The district employs 68 certified full-time physical education teachers for its student population of 50,875. More than 15,000 Detroit schoolchildren attend a school without a full time physical education teacher.

In Michigan, there are no laws requiring schools to offer recess. As for physical education, schools are required to offer the class, but the amount of time isn’t specified, which means some kids, like Hezekiah, might only go once a month or less.

“He’s had behavior issues, but if he had the gym time there’s different activities he would do to burn off energy,” she said. “They would get that anxiety and fidgetiness out of them.”

Haynesworth might get her wish. Superintendent Nikolai Vitti announced earlier this month that there’s money in the budget to put gym teachers back in schools, along with art and music teachers and guidance counselors next school year, though the budget plan has not yet been approved.

“Not every student is provided an opportunity for physical education or gym” right now, Vitti said at a meeting earlier this month.

The district has almost 200 teacher vacancies, and giving schools money for a gym teacher doesn’t mean a school will be able to hire one.

But Vitti said he has several efforts in the works, like more recruiting trips and better hiring practices, to address the difficulties of finding and bringing in new employees.

Detroit is not the only district that has cut back on physical education teachers in recent years. At a time when schools are heavily judged by how well students perform on math and reading exams, some schools have focused their resources on core subjects, cutting back on the arts and gym and cutting recess to make more time for instruction and test prep. But experts say that approach is short-sighted.

Research on the importance of physical activity in schools has reached a consensus — physical education improves children’s focus and makes them better students.

“Available evidence suggests that mathematics and reading are the academic topics that are most influenced by physical activity,” according to a 2013 federal report.

The link between physical education and improved reading is especially important for the Detroit district. Educators are working in high gear, in part pushed by Vitti, to prepare for the state’s tough new law that will go into effect in 2020, requiring third-graders who don’t read at grade level to be held back.

This year, the Michigan Department of Education has started to include data on physical education in schools into its school scoring system, which allows parents to compare schools. A separate score for physical education might push schools to hire physical education teachers.

Whether the state’s new emphasis on gym class or Vitti’s proposal to place a gym teacher in each district school is enough to put physical activity back in the schools is unclear, but Hezekiah’s mom Victoria desperately hopes it happens.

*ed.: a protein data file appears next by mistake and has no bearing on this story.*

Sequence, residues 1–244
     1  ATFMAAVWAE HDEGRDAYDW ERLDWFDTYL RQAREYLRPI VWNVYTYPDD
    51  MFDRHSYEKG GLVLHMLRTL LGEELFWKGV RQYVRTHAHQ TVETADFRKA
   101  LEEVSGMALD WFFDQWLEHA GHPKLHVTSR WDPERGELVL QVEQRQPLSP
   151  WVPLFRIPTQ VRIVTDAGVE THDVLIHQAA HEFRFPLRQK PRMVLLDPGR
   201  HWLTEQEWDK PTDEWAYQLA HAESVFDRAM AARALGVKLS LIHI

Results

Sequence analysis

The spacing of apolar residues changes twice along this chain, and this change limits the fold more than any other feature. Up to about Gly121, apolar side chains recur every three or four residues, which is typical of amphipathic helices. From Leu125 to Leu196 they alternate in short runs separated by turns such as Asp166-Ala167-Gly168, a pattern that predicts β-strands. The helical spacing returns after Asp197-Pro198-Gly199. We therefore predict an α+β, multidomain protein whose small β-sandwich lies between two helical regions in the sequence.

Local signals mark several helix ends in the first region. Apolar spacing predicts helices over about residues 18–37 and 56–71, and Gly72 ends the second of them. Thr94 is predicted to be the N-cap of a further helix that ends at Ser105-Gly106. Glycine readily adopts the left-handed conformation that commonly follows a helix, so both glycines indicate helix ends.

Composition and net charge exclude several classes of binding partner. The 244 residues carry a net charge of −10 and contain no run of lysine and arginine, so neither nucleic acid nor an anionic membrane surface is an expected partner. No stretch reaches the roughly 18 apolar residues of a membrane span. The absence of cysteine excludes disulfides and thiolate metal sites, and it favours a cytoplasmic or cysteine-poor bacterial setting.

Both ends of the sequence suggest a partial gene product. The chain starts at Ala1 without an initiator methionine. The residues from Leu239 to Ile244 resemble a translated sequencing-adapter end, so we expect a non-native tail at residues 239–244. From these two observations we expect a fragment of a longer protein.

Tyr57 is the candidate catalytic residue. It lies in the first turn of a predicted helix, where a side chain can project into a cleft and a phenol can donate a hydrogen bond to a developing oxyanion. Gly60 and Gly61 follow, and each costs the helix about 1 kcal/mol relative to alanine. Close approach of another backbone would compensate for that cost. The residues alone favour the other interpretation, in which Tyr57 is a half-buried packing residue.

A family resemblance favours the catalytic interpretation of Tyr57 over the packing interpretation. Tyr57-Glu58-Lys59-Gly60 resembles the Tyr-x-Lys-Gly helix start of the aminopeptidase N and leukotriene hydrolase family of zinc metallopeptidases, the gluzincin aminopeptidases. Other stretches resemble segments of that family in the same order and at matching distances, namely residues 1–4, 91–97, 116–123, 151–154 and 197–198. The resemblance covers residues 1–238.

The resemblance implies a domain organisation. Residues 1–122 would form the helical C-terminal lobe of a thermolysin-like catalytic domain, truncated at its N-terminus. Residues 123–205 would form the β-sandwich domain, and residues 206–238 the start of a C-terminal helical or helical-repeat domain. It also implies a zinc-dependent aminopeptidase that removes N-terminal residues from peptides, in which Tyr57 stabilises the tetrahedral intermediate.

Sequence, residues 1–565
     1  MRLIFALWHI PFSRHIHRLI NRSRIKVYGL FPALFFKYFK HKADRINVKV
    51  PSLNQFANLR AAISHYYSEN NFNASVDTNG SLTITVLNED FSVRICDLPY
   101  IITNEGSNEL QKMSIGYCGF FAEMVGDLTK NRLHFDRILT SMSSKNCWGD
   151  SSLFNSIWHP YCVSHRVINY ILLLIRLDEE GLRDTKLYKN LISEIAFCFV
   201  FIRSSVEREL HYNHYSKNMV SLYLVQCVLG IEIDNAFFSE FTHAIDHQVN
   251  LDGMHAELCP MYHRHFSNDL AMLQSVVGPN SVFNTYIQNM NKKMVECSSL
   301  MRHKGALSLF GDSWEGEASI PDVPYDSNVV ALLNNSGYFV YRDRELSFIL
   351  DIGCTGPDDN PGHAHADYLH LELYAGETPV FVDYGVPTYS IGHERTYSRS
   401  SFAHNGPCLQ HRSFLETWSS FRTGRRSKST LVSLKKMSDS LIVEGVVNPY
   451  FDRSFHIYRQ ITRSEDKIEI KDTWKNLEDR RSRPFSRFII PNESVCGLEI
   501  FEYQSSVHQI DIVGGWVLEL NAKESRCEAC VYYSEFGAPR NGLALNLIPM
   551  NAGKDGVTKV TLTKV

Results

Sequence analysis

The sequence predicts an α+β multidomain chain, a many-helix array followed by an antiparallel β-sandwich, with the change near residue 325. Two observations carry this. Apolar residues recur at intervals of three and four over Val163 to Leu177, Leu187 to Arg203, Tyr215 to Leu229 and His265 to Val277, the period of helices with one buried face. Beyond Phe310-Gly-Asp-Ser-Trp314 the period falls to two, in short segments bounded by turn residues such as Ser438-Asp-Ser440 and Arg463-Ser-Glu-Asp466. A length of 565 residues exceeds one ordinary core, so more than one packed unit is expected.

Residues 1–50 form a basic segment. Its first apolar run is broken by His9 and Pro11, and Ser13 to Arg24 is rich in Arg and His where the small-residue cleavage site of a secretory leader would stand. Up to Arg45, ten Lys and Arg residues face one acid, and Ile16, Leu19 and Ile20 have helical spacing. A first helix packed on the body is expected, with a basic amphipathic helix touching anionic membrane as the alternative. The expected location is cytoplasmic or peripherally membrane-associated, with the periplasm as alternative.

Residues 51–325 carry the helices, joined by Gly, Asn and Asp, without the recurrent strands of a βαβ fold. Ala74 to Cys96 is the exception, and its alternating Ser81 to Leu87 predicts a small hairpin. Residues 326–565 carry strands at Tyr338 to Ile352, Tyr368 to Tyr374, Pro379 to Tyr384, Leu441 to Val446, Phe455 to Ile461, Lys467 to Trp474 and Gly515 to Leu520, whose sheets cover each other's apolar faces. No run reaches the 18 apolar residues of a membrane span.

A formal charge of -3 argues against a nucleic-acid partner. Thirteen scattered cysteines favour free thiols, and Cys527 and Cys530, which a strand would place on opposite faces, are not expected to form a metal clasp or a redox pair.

Hezekiah is given 45 minutes to each lunch, and if he finishes early, he’s allowed to run with the other children who finished early. If he doesn’t eat quickly enough to play, Victoria says she can expect a call about his disruptive behavior.

“I used to think that my son was just a problem — that it was just my problem,” she said. “But it’s a system problem. They don’t have the components they should have in the school.”

See which schools have gym teachers below.

Out of the game

The businessman who went to bat for apprenticeships is out of Colorado’s governor’s race

Democratic gubernatorial candidates Donna Lynne, Noel Ginsburg and Cary Kennedy at a candidate forum hosted by the Colorado Association of School Boards. (Photo by Nic Garcia)

Noel Ginsburg, an advocate for apprenticeships and a critic of Colorado’s teacher effectiveness law, has withdrawn from the Democratic race for governor.

Ginsburg, a businessman who had never run for office before, always faced a tough road to the nomination. He announced Tuesday that he would not continue with the petition-gathering or assembly process after his last place finish in the caucus, where he got 2 percent of the vote.

In an interview with The Denver Post, Ginsburg said, “I don’t believe I have the resources to be fully competitive.”

Just last month, Ginsburg released an education platform that called for the repeal of Colorado’s teacher effectiveness law, the signature legislative achievement of former state Sen. Mike Johnston, also a candidate for governor.

Ginsburg runs CareerWise, an apprenticeship initiative of Gov. John Hickenlooper that allows students to earn money and college credit while getting on-the-job experience starting in high school. His platform called for expanding apprenticeship programs and getting businesses more involved in education.

He also promised to lead a statewide effort to change the Taxpayer’s Bill of Rights to allow the state to retain more revenue and send much of it to schools. He said that schools, not roads, should be the top priority of Colorado’s next governor.

Ginsburg will continue at the head of CareerWise, as well as Intertech Plastics, the company he founded.

Johnston, U.S. Rep. Jared Polis, and Lt. Gov. Donna Lynne have all turned in signatures to place their names on the ballot. Former Treasurer Cary Kennedy, who has the endorsement of two teachers unions, is not gathering signatures and will need at least 30 percent of the vote at the assembly to appear on the ballot. Kennedy finished in first place at the caucus earlier this month.